• by 10Ghz (453478) on Tuesday December 13, 2005 @11:10AM (#14246574)
      Personally, I think Linus ought to know better by now than put out a self-centered post like that. There are more users in the world than just geeks.


      He had an opinion on the subject-matter, and he stated it. You are free to disagree with his opinion, but does that mean that he shouldn't voice his opinion? And I don't really see what the fuzz is about. There are quite a few people around the net who are irritated by the removal of features in Gnome. Apparently Linus is one of them. There are also lots of people who prefer KDE, and apparently Linus is one of them.

      Aside from being an moral-booster for the KDE-guys, I fail to see the drama in this case. Linus doesn't like GNOME. And he told why he doesn't like GNOME, and his reasons are valid. He's not ordering people to use KDE. He simply said that he recommends KDE over GNOME, and he stated his reasons for doing so. Does this mean that the GNOME-guys are going to pack their bags and start using KDE instead? No. GNOME doesn't need Linus's endorsement to survive.

      Like I said, I fail to see the drama here. Is Linus being "self-centered" when he said that "I prefer KDE over GNOME"? That's his personal opinion, and they are all in a way "self-centered", and there's nothing wrong with that. Surely he's entitled to his opinion?
  • by DrXym (126579) on Tuesday December 13, 2005 @10:38AM (#14246209)
    A clean and simple desktop isn't just for "idiots". Personally I like a desktop which puts 95% of the functionality that most users are ever likely to need in front of them and hides the rest. If I as a power user (which I am) absolutely positively need to do something not in the UI I can simply drop to the command line or even write my own power tools for the job.

    KDE is too keen to put every single bloody option whether advanced or not straight in your face, rendering it a pain to find the simple settings. Not only that but the defaults are horrible including the single-click-to-launch paradigm. I spent a good while looking to change that behaviour, foolishly thinking it might set be somewhere desktop prefs which it isn't - it's in the mouse settings. On top of that, you only have to look at Konq or KMail and you'll see six or seven menu items in a row starting with Configure.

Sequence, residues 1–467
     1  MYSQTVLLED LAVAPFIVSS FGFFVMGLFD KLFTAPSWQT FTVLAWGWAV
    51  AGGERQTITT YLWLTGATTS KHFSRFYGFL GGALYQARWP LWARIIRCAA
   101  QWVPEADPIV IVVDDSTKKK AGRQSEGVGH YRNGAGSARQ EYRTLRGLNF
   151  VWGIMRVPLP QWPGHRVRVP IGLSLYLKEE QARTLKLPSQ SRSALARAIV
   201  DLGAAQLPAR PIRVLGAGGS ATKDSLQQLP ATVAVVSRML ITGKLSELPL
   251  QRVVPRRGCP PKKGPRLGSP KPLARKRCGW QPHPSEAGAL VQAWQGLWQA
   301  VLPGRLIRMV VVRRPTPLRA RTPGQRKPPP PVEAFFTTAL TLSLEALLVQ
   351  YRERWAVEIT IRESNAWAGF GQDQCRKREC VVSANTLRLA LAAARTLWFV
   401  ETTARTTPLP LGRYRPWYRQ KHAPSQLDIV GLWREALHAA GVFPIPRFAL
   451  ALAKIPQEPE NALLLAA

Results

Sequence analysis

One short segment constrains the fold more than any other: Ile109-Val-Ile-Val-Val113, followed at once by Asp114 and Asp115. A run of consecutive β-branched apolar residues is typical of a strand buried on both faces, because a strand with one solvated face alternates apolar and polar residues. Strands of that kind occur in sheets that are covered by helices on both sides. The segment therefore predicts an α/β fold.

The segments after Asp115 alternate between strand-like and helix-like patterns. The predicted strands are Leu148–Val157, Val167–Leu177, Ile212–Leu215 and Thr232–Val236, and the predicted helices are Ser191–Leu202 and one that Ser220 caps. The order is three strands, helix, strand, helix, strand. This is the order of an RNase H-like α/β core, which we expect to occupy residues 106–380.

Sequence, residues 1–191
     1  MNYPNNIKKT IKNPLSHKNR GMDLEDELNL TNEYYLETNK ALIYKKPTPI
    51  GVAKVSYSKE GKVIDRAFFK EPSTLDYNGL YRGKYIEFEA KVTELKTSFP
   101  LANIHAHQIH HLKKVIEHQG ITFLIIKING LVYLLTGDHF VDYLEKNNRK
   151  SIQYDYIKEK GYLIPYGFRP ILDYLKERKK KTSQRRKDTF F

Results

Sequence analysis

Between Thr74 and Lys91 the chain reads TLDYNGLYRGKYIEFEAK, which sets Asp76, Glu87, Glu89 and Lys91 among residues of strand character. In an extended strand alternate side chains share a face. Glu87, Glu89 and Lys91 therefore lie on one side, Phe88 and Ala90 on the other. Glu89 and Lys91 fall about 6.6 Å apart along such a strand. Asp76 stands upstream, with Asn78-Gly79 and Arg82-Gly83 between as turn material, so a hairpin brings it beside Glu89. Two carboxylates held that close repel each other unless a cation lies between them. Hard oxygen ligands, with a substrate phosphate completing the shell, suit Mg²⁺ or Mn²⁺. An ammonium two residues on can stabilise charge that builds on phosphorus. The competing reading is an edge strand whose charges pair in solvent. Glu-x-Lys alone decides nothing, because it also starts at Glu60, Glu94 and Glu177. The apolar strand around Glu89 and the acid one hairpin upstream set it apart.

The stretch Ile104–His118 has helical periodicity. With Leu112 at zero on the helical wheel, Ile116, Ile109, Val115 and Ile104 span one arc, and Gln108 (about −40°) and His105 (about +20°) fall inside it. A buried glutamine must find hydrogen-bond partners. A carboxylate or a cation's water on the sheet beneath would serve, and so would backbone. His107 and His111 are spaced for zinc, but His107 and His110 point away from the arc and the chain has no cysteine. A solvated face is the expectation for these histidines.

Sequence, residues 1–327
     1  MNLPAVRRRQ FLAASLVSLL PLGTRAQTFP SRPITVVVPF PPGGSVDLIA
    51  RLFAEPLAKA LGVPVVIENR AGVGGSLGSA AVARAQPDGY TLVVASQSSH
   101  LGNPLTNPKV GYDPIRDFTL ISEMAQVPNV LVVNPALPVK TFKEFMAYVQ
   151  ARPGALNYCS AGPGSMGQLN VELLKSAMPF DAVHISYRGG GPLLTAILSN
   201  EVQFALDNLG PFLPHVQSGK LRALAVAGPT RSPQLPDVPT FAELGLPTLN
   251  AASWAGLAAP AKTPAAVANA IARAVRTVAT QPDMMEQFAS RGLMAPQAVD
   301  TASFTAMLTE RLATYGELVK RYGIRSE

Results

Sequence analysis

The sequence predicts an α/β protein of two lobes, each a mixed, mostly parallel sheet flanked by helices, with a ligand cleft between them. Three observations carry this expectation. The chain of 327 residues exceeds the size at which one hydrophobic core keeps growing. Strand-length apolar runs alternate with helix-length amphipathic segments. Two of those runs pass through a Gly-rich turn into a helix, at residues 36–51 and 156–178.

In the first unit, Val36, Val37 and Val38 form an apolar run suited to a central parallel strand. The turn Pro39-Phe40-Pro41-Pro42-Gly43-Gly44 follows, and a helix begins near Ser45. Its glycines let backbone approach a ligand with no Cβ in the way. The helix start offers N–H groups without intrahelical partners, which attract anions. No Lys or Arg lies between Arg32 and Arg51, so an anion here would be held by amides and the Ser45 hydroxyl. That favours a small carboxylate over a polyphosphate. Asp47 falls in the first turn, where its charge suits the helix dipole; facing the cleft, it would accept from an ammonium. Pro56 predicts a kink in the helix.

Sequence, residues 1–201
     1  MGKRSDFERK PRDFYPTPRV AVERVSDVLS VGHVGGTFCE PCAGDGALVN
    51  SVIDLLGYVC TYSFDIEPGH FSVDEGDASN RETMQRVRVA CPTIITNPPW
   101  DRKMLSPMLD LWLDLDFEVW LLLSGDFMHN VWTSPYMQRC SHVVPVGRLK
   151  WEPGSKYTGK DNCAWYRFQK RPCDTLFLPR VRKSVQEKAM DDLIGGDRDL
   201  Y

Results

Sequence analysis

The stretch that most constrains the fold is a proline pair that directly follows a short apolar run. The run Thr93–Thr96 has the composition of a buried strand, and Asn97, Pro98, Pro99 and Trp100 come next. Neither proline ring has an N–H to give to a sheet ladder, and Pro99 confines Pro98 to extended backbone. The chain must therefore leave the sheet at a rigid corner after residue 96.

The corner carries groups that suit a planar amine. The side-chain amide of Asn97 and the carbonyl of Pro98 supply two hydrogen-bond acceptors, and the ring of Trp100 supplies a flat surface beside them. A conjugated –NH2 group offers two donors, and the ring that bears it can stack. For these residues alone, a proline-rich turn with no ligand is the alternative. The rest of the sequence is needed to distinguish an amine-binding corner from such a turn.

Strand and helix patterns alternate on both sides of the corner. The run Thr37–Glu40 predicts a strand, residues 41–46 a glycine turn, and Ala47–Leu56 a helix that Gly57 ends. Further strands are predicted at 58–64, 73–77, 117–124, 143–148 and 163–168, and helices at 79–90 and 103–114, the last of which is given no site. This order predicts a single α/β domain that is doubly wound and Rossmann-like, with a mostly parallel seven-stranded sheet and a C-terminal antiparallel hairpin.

The one thing you can hand to KDE is that it is consistent, but it sorely needs to be streamlined. It's not hard to see why enterprise versions of Linux use GNOME - it's so much simpler and cleaner. I truly expect that supporting 100 KDE users would be significantly more work work than 100 GNOME users.

  • by wild_berry (448019) on Tuesday December 13, 2005 @10:40AM (#14246231) Journal
    Nat Friedman's follow-up to Linus' post is grown-up and sensible (http://mail.gnome.org/archives/usability/2005-Dec ember/msg00025.html [gnome.org]):

    On Mon, 2005-12-12 at 17:46 -0800, Linus Torvalds wrote:
    > I personally just encourage people to switch to KDE.

    Everyone on this list knows the Linux desktop is in a "pick your poison" state right now.

    Anyone who's used Linux for a year has experienced this, whatever choices they've made of desktop environment, settings, etc.

    We can snipe at each other all day long. (Linus, every time I copy large files between devices on my Linux system my mouse pointer skips. It works fine on my Mac). That's not productive.

    Usability is important. Usability encompasses multiple things: functionality, robustness, performance, sensible user interface design. We all need to do a better job of this (insert usability testing/betterdesktop.org plug here).

    Yes, some GNOME developers are self-appointed control freak antifeature nazis who've stripped functionality in pursuit of some theoretical "non geek" user who does not exist, thereby crippling their software.

    And probably some KDE developers are feature sluts who never saw a checkbox they didn't love, exposing users to all kinds of broken features.

    Follow either of these ideas to their logical extremes and we won't have a useful desktop for a large user base.

    We need Linux to grow up if we're going to make Linux on the desktop a success. Let's have a grown-up discussion. If I worked for Microsoft I'd be very happy to see you throwing pejoratives around like that on this list.

    So, yes, usability is important and Linus being able to bind his mouse buttons to whatever he wants is important, I guess. But it's probably not what's stopping Linux from dominating the desktop market. What's holding Linux back on the desktop? Applications, device support. Time, also. The printing dialog? I don't know.

    (By the way, on my GNOME machine at home, there is code running that parses the options from the PPD file and makes a GUI out of them. Maybe this ships in SUSE but not in whatever distro Till is using?)

    Nat
  • by leoboiko (462141) <leoboiko@gma[ ]com ['il.' in gap]> on Tuesday December 13, 2005 @10:44AM (#14246269) Homepage